Learn more about tax incentives by clicking on your State!


On October 3, 2008 H.R.1424, the Emergency Economic Stabilization Act of 2008 was passed. Division B of this bill includes the Energy Improvement and Extension Act of 2008. This landmark legislation extends critical Federal Investment Tax Credits for solar customers and other renewable energy projects. This bill contains $18 billion in incentives for clean and renewable energy technologies, as well as for energy efficiency improvements.

See the entire bill, including Division B: Energy Improvement and Extension Act of 2008.

As part of this legislation, the solar investment tax credit (ITC) has been extended for 8 years through December 31, 2016. Here are the key provisions of the ITC:

  • The 30% federal investment tax credit for both residential and commercial solar installations is extended for 8 years through December 31, 2016.
  • Eliminates the $2,000 cap on the tax credit for the purchase and installations of solar electric on residential properties.
  • Addition of small wind energy and geothermal heat pump projects as qualifying installations for tax credits
  • Utilities may now benefit from the credit as eligible tax credit recipients.
  • Extends through 2009 the authority to issue clean renewable energy bonds.

The following information is provided courtesy of Andy Black, President of OnGrid Solar, at © 2006, all rights reserved).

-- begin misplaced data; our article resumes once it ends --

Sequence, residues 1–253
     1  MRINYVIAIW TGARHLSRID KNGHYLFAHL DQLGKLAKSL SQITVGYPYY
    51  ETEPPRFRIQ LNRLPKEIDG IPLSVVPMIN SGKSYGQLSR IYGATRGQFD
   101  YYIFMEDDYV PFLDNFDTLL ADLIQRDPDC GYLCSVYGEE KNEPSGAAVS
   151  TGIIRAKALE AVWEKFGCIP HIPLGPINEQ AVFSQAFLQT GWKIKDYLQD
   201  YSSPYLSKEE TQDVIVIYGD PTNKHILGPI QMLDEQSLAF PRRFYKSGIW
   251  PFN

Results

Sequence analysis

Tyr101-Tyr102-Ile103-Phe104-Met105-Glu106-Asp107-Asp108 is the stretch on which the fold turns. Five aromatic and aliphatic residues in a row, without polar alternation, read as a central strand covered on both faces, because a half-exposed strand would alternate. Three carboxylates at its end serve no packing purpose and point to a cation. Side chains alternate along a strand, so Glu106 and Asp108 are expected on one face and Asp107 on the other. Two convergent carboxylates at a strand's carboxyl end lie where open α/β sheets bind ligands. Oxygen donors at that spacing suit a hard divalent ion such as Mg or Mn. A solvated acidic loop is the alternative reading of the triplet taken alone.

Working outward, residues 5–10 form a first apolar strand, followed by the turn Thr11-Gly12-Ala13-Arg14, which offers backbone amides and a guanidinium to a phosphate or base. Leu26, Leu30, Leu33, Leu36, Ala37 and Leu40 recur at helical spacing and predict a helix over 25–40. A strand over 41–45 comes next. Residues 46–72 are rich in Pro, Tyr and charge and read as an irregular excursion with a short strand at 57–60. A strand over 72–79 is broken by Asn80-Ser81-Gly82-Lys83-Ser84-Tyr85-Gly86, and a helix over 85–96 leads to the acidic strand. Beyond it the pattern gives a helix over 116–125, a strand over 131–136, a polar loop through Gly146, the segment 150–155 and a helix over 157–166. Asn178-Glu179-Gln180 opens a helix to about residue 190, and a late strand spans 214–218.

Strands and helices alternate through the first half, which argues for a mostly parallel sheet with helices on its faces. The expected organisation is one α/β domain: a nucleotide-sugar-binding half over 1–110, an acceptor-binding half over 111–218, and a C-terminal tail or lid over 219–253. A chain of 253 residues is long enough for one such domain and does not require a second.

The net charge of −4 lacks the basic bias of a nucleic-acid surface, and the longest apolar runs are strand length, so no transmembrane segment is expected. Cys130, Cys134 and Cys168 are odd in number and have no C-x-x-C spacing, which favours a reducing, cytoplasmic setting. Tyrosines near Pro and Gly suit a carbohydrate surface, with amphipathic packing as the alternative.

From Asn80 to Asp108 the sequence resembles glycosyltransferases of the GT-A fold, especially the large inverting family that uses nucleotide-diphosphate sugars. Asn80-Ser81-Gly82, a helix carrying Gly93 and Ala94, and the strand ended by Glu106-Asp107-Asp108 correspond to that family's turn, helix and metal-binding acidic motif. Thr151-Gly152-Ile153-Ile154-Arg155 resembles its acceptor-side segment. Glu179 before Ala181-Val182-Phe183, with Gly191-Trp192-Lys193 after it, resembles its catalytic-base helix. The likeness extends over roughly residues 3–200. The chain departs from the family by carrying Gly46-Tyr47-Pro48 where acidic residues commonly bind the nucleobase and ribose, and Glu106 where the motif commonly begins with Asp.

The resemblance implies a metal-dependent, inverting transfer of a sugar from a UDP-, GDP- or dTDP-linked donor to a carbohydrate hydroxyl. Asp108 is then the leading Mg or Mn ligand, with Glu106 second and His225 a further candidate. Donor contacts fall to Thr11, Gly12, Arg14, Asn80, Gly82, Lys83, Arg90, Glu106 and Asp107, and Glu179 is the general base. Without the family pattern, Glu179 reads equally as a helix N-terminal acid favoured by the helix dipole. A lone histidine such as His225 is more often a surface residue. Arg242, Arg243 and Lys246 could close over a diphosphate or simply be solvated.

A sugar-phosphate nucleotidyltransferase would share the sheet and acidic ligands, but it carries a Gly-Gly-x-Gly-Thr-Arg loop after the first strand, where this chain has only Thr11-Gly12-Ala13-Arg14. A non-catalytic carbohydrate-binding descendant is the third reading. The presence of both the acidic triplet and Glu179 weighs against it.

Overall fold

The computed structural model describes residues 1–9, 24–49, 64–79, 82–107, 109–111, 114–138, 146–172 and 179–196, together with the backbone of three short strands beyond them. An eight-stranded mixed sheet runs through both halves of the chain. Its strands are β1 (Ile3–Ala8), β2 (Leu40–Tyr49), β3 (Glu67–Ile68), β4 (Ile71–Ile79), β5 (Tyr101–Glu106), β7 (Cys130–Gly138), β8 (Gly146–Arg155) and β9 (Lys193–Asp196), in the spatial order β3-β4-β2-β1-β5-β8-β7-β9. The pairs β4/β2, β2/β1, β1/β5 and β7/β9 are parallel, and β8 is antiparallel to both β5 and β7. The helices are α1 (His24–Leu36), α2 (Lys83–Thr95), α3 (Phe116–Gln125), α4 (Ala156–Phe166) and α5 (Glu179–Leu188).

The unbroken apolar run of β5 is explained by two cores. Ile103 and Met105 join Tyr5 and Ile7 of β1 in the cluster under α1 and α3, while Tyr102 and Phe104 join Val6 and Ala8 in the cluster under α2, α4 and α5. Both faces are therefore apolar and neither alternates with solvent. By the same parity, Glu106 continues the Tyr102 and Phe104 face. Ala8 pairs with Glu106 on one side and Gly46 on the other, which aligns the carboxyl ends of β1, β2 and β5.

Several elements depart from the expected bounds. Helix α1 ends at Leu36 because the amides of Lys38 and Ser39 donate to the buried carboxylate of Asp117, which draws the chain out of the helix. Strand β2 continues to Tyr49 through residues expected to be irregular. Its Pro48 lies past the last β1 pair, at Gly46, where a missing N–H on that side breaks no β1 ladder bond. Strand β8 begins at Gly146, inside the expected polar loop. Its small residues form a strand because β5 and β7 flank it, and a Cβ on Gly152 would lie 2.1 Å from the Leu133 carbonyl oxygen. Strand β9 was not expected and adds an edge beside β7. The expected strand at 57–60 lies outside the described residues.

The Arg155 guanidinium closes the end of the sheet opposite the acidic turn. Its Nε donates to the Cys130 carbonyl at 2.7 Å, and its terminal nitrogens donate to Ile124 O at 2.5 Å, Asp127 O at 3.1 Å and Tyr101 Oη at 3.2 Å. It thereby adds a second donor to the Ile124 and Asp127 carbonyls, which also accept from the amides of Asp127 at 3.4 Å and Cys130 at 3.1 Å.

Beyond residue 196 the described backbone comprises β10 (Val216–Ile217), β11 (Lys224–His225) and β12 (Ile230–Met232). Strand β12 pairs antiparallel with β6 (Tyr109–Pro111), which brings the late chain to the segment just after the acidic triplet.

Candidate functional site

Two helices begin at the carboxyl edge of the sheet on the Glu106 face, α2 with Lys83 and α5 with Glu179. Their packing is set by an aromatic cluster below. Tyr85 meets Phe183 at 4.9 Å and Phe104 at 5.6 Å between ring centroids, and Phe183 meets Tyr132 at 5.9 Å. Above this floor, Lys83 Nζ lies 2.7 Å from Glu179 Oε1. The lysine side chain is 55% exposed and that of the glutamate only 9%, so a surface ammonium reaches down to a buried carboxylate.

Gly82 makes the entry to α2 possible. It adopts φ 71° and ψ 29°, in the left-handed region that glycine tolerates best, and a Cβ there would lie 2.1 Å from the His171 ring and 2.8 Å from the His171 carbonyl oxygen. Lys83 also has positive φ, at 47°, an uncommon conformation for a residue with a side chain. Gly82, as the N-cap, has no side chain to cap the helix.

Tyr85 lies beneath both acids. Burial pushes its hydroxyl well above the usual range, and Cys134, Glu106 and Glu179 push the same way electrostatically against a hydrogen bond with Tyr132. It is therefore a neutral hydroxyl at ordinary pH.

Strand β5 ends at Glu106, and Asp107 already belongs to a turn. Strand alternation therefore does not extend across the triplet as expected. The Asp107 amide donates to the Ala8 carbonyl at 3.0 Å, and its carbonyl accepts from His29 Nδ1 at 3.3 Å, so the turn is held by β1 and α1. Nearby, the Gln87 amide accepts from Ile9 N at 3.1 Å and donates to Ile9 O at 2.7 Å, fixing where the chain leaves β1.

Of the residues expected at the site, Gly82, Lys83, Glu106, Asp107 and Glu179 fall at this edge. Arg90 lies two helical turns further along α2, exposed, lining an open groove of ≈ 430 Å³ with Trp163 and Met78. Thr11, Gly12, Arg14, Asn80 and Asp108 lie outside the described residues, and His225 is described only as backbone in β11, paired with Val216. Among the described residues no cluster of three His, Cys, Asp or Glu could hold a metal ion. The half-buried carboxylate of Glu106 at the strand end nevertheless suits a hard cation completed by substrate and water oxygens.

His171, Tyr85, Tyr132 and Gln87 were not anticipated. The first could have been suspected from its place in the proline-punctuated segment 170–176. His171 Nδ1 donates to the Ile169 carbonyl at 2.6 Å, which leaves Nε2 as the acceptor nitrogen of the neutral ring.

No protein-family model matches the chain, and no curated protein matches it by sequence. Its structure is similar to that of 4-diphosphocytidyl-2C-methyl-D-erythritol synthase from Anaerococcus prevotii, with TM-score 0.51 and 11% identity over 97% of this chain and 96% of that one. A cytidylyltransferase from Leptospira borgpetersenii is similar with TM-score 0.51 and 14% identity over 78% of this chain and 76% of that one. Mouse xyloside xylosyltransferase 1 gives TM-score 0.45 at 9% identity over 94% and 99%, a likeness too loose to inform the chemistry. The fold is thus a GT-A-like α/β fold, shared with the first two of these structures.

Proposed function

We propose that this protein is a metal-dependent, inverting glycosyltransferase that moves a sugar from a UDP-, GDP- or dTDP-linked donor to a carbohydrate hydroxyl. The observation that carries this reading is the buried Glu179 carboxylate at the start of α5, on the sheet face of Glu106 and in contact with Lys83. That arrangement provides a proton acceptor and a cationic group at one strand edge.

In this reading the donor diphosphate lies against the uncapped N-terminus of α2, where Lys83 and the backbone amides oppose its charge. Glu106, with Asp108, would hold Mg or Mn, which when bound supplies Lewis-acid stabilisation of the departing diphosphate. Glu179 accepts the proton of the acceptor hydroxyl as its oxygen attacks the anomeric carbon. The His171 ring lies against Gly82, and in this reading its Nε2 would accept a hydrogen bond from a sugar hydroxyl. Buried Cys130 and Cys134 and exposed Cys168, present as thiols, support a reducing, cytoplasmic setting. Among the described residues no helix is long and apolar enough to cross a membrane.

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Note: The following information regarding taxes, tax credits and depreciation is meant to make the reader aware of these benefits, risks and potential expenses, and help avoid claims by aggressive salespeople. It is not tax advice, and the author is not a qualified tax professional. Please seek professional advice from a qualified tax advisor to check the applicability and eligibility before claiming any tax benefits or exemptions.

Tax incentives include tax credits and depreciation. The Federal Investment Tax Credit for Residential is 30 percent of net system cost, capped at $2,000 (prior to 12/31/08 and no cap afterwards). It is a one-time credit, but may be carried forward (and possibly back) if not completely useable in the system installation tax year. Also, the IRS hasn’t produced the form required for claiming this credit for individual filers.

The Federal Investment Tax Credit for Commercial and Business owned systems is 30 percent of net system cost with no cap. The IRS current federal Form 3468 is available at In the past, this credit could be carried forward fifteen or back three years. It’s not clear if this has changed.

Business owned systems may also be eligible for MACRS 5-year Accelerated Depreciation using IRS federal form 4562. For more info on commercial tax benefits and for updates on the CSI & IRS rules and forms, see the online version of the article at:

A source for information on all state and federal incentive programs around the country is available at the DSIRE project: In addition, the Solar Energy Industries Association ( has put together a “Guide to Federal Tax Incentives for Solar Energy,” available for free at

Residential customers in higher income tax brackets see comparatively more value because residential electricity expenses are paid with after-tax dollars-they aren’t tax deductible.

Tax treatment of the incentives depends on the type of customer, and possibly the type of incentive. For additional information on tax treatment, see the online version of the article at: Of course, municipal and non-profit entities do not have to worry about these tax issues, as they are generally tax-exempt. More detailed information on solar finance and tax considerations is available from the Northern California Solar Energy Association’s Solar Energy Resource Guide, at Also see the Tax Incentives Assistance Project ( for more information on solar and energy efficiency tax credits.